Robert Handfield, a professor of Supply Chain Management breaks down the concept of Supply Chain Management into two central ideas:
The first is that practically every product that reaches an end user represents the cumulative effort of multiple organizations. These organizations are referred to collectively as the supply chain.
The second idea is that while supply chains have existed for a long time, most organizations have only paid attention to what was happening within their “four walls”. Few businesses understood, much less managed, the entire chain of activities that ultimately delivered products to the final customer. The result was disjointed and often ineffective supply chains.
Supply chain management, then, is the active management of supply chain activities to maximize customer value and achieve a sustainable competitive advantage.
Why should you place high priority on the management of your supply chain?
A supply chain that has been optimized for efficiency adds value to an organization through using mechanisms that provide goods to customers in an improved, quicker and more cost effective way.
Typical Supply Chain
Franco Aquila, entrepreneur and CEO of Iplayco in Langley, British Columbia, suggests 7 supply chain management tips.
1. Choose the right suppliers
Make your requirements clear to your suppliers from the outset. Aquila chooses suppliers who adhere to established standards for playground equipment safety performance, are the right size to supply the company’s needs, and produce consistent quality.
2. Have multiple suppliers for each product
“Never rely on just one supplier for each product,” says Aquila, whose company purchases a wide variety of items from upholstery to plastics, fibreglass, pipes and clamps. “Disasters, like fires or floods, can occur and prevent suppliers from delivering.” With more than one supplier per product, you are always prepared for the worst-case scenario.
3. Communicate regularly
“You don’t want to surprise your suppliers,” says Aquila. “We keep in constant touch them. We sit down with them, let them know what’s coming, what we’re planning down the road.” This ongoing dialogue helps build loyalty. “They love it because they can gear up and are fully aware of what to expect from us.”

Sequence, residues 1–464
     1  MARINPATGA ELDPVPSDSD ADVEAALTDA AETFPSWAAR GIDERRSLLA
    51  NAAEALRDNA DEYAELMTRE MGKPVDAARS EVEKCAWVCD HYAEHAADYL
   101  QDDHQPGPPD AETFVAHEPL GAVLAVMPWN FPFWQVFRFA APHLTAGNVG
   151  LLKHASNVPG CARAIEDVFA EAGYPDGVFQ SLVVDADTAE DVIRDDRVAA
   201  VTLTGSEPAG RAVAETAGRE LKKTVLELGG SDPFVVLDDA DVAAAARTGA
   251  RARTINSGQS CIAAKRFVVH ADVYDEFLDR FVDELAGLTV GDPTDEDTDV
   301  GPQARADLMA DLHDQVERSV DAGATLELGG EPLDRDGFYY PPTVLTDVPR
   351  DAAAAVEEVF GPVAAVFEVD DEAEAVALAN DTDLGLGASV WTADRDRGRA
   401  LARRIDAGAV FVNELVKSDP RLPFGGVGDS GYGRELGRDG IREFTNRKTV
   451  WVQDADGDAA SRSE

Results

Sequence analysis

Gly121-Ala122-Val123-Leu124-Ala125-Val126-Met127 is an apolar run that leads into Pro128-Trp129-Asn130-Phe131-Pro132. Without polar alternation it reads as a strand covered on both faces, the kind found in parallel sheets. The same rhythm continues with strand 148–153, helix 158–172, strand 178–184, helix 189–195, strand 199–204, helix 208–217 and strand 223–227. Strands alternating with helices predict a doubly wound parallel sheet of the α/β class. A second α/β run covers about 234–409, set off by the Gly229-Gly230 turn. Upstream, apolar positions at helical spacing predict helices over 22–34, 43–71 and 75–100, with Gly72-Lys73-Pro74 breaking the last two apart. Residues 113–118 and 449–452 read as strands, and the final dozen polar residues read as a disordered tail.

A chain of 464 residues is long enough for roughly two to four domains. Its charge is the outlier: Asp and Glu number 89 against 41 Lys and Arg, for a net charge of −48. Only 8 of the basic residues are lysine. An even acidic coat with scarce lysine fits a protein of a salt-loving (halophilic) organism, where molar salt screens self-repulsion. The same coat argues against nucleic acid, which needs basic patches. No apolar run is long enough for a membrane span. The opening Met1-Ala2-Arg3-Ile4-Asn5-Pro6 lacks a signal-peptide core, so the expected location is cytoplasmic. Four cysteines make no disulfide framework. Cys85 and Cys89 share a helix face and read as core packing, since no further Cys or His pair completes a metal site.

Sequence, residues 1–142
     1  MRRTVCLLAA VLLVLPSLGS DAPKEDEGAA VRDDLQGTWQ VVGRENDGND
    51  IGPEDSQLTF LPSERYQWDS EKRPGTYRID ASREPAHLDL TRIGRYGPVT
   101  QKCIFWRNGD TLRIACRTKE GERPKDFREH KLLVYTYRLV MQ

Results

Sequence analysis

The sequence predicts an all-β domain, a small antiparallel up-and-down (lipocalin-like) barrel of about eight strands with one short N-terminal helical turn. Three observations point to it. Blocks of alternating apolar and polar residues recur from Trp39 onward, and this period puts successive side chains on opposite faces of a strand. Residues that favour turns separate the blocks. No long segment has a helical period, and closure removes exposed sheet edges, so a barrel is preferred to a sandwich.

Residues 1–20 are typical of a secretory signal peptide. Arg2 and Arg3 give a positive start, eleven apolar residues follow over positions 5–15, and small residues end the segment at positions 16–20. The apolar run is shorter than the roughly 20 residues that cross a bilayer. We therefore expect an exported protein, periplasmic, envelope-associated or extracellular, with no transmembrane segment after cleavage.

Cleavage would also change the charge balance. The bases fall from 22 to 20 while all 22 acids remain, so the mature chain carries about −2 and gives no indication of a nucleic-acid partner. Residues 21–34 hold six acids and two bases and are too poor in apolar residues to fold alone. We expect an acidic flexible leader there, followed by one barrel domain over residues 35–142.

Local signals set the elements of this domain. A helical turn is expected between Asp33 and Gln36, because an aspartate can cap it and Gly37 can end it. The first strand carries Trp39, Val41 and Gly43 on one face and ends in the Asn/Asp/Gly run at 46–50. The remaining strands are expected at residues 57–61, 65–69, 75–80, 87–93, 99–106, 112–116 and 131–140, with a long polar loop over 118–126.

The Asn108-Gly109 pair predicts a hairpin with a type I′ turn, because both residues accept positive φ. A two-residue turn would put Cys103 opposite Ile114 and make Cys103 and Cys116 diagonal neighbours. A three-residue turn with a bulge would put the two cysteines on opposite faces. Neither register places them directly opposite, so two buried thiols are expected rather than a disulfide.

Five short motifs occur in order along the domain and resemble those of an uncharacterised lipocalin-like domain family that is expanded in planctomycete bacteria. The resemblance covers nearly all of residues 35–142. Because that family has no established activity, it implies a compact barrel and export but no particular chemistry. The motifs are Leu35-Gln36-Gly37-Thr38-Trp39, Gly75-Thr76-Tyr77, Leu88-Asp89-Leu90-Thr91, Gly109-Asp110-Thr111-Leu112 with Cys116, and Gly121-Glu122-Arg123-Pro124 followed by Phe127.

4. Build mutual trust
Because Aquila keeps suppliers in the loop about upcoming projects, he can count on his suppliers to help him out if he needs something in a hurry. “We try not to let that happen too often.” But, when it does, he can depend on his suppliers to deliver.
5. Don’t penalize honest mistakes
When one of Iplayco’s suppliers realized they had produced fibreglass slides that were the wrong radius, they worked around the clock to redo the product and have it shipped by air freight to Sweden on time for a playground opening.
Aquila helped defray the shipping costs and kept working with the supplier. “We don’t want to create hardship for our suppliers. Everyone can make a mistake,” he says, “and I can guarantee you they have made sure nothing like this will happen again.”
6. Negotiate pricing
Suppliers who know what to expect in terms of upcoming business don’t have to be constantly on the lookout for new contracts. “We expect something in return,” Aquila says. This translates into preferential treatment on pricing.
7. Consider placing ongoing orders
Aquila places large stock orders with major suppliers for items such as the big plastic tubes that are used in play centres. “We adhere to a minimum amount and draw on that order for our needs,” he says. Ongoing orders help maintain the manufacturing flow.
Overall, Aquila compares his business to a restaurant or grocery store that people return to repeatedly because they know it will deliver. “Once we tell a customer we will deliver on a certain date, we want to make sure that happens.”
Robert Handfield (2011), NC State University
Business Development Bank of Canada